Monday 15 February 2021


Known to most for playing Mr Miyagi, one of cinema's greatest mentor figures, this new documentary goes into revealing detail about the actor behind the role, Pat Morita. Starting his show business career as a stand-up comedian before moving into comic acting in a whole host of American sitcoms, he was also a man burdened with a traumatic childhood and a devastating drink problem.

With the current interest in the Karate Kid franchise and all things Cobra Kai following the incredible (and let's face it, surprising) success of the reboot series on Netflix, you could be forgiven for expecting this film to spend the majority of its time focusing on Morita's role as the kindly janitor turned Daniel-san's unorthodox Karate teacher - but as the title suggests, there's a lot more to know about Pat Morita than his signature, Oscar nominated role as Mr Miyagi. Made with the involvement of Morita's widow, Evelyn Guerrero-Morita, and loosely structured around a radio interview she gives about Pat, writer, director and editor Kevin Derek's film follows a traditional bio-doc structure, starting way back at the start of Morita's life and moving forward. 

Born in San Francisco in 1932, Noriyuki "Pat" Morita was diagnosed with spinal TB at the age of two, forced to wear a restrictive cast for the majority of his childhood and told it was likely he would never walk. Then, just as he recovered from that trauma, he and his family found themselves at the outbreak of World War II and were whisked away to an Arizonan internment camp (or as they were told, a "relocation centre") for the duration of the war. Deciding at the age of 30 that he wanted to pursue his dream of a career in show business, he left his family's restaurant and went into comedy. Given the reductive moniker "The Hip Nip" by his manager - and mother of Lenny Bruce - Sally Marr, Morita's stand-up routines would involve self-effacing jokes about Pearl Harbour and a subversion of the audience's expectations when he opened his mouth and spoke with an American accent. From this he launched a career in television, often playing small bit parts as Asian characters of ill-defined origin in The Love Boat, MASH, Laverne and Shirley, Sanford and Sons, and most notably his breakout role as Arnold in Happy Days. One of the most interesting tidbits the documentary offers is the revelation that the network standards and practices office wanted him fired from the role for being an actor of Japanese heritage playing a Chinese character, until Morita himself was able to come up with a convoluted back story for his character that convinced Happy Days creator Garry Marshall and kept him on the show.

What's most surprising about Morita's story is how much there is to tell before you get to his iconic role in The Karate Kid. Given its fair dues with talking heads from Ralph Macchio, William Zabka and Martin Kove - all now reliving their Karate Kid roles in sequel series Cobra Kai - it's a credit to this documentary that it doesn't dominate his story, even if it did come to define his career. More Than Miyagi paints Morita as a lively joker, at odds with the composure his most famous character displayed, and an actor willing to adopt the American interpretation of Asian culture even if it was completely alien to him. When asked in an interview if he had any karate skills prior to making the film, his quick-witted response was "The only martial arts I was involved in were Garry Marshall, Penny Marshall and maybe (Chicago department store) Marshall Field's".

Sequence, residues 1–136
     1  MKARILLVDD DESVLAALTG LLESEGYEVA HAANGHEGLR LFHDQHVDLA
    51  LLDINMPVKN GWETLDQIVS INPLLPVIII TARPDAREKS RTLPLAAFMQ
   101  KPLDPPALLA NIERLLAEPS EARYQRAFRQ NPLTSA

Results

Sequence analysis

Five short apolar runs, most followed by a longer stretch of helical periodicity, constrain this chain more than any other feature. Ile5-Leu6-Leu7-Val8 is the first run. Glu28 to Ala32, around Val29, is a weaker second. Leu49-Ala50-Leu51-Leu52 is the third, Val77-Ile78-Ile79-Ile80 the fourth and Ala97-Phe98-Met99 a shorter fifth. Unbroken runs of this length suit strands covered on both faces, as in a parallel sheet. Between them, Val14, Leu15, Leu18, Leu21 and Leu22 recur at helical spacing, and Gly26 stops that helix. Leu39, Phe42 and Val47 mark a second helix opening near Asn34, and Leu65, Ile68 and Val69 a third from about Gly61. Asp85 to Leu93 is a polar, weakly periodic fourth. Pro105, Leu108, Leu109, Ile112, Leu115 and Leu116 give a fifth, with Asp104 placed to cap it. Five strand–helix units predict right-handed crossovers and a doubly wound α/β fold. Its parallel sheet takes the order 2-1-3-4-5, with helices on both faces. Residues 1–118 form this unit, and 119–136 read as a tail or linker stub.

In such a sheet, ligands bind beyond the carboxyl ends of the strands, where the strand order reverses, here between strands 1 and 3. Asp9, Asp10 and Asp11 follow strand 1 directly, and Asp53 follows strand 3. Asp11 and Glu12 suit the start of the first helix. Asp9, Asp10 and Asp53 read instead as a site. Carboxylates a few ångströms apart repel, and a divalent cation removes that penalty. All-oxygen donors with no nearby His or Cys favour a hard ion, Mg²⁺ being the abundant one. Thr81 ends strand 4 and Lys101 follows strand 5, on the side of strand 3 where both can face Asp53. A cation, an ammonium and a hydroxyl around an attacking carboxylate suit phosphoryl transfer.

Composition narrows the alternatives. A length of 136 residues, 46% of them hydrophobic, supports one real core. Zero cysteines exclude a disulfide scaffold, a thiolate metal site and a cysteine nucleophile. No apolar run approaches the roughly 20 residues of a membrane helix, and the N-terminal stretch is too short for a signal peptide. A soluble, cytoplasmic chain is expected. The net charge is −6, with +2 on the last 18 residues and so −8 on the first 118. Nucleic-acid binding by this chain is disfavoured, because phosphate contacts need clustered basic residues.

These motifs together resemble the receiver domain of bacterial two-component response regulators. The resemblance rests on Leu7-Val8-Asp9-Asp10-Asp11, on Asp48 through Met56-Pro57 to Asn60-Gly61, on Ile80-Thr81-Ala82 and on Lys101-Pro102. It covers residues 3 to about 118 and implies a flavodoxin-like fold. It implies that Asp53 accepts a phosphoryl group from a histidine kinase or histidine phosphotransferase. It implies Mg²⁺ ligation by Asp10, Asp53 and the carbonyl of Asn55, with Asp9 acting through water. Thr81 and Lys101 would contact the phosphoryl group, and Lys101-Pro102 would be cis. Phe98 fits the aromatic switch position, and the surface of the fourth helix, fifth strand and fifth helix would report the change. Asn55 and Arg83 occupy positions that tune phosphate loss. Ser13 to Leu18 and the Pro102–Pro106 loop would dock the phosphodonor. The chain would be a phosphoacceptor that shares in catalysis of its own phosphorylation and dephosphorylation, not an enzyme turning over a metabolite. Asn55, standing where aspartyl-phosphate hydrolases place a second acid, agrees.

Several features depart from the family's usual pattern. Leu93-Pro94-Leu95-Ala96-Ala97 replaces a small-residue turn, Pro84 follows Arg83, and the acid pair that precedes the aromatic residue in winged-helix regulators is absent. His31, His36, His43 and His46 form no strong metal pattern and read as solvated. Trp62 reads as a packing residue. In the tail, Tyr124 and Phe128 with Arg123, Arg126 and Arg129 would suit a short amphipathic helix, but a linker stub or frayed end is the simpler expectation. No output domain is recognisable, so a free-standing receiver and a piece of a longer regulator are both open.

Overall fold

The doc casts a wider net when examining some of the shockingly racist casting decisions that blight Hollywood's history - from race-switching Marlon Brando and John Wayne to Mickey Rooney's ghastly caricature in Breakfast at Tiffany's - but also the cultural stereotypes Morita was asked to play at the start of his career, and again towards the end when his Oscar nomination seemed like a distant memory. A success story who was also held back by racial prejudice and ignorance, despite him knowing that his casting didn't make sense he wasn't ever in a position to turn down paid work.

Director Kevin Derek must have a taste for martial arts and Karate Kid lore, having already completed two previous documentaries about "The Real Karate Kids" and a biography of Fumio Demura, Morita's stunt double for Miyagi. Here he's assembled a great selection of interviewees, from friends James Hong, Tommy Chong and Lance Burton, to the core Karate Kid cast and also a very willing array of Happy Days co-stars, all gushing over how much fun they had with Morita. One of the most powerful moments of this film falls to The Fonz himself, Henry Winkler, who reveals what kind words he gave to Morita when his spiralling drink problem scuppered his involvement in a Happy Days casts reunion special.

Despite the notable non-involvement of his daughters, there's a tremendous amount of appreciation of Morita's life and career, revealing a sweet, funny, extremely troubled man who had the odds stacked against him from the start but worked hard to create a truly memorable character. A little rough around the edges in places (there's some glaring typos in the on-screen text), there might not be anything new in the by-the-numbers way Morita's story is presented, but More Than Miyagi uses its tried and tested formula well, delivering some fascinating insight into an entertainer who became an unlikely icon.

Verdict 4/5

More Than Miyagi is streaming now on all VOD platforms

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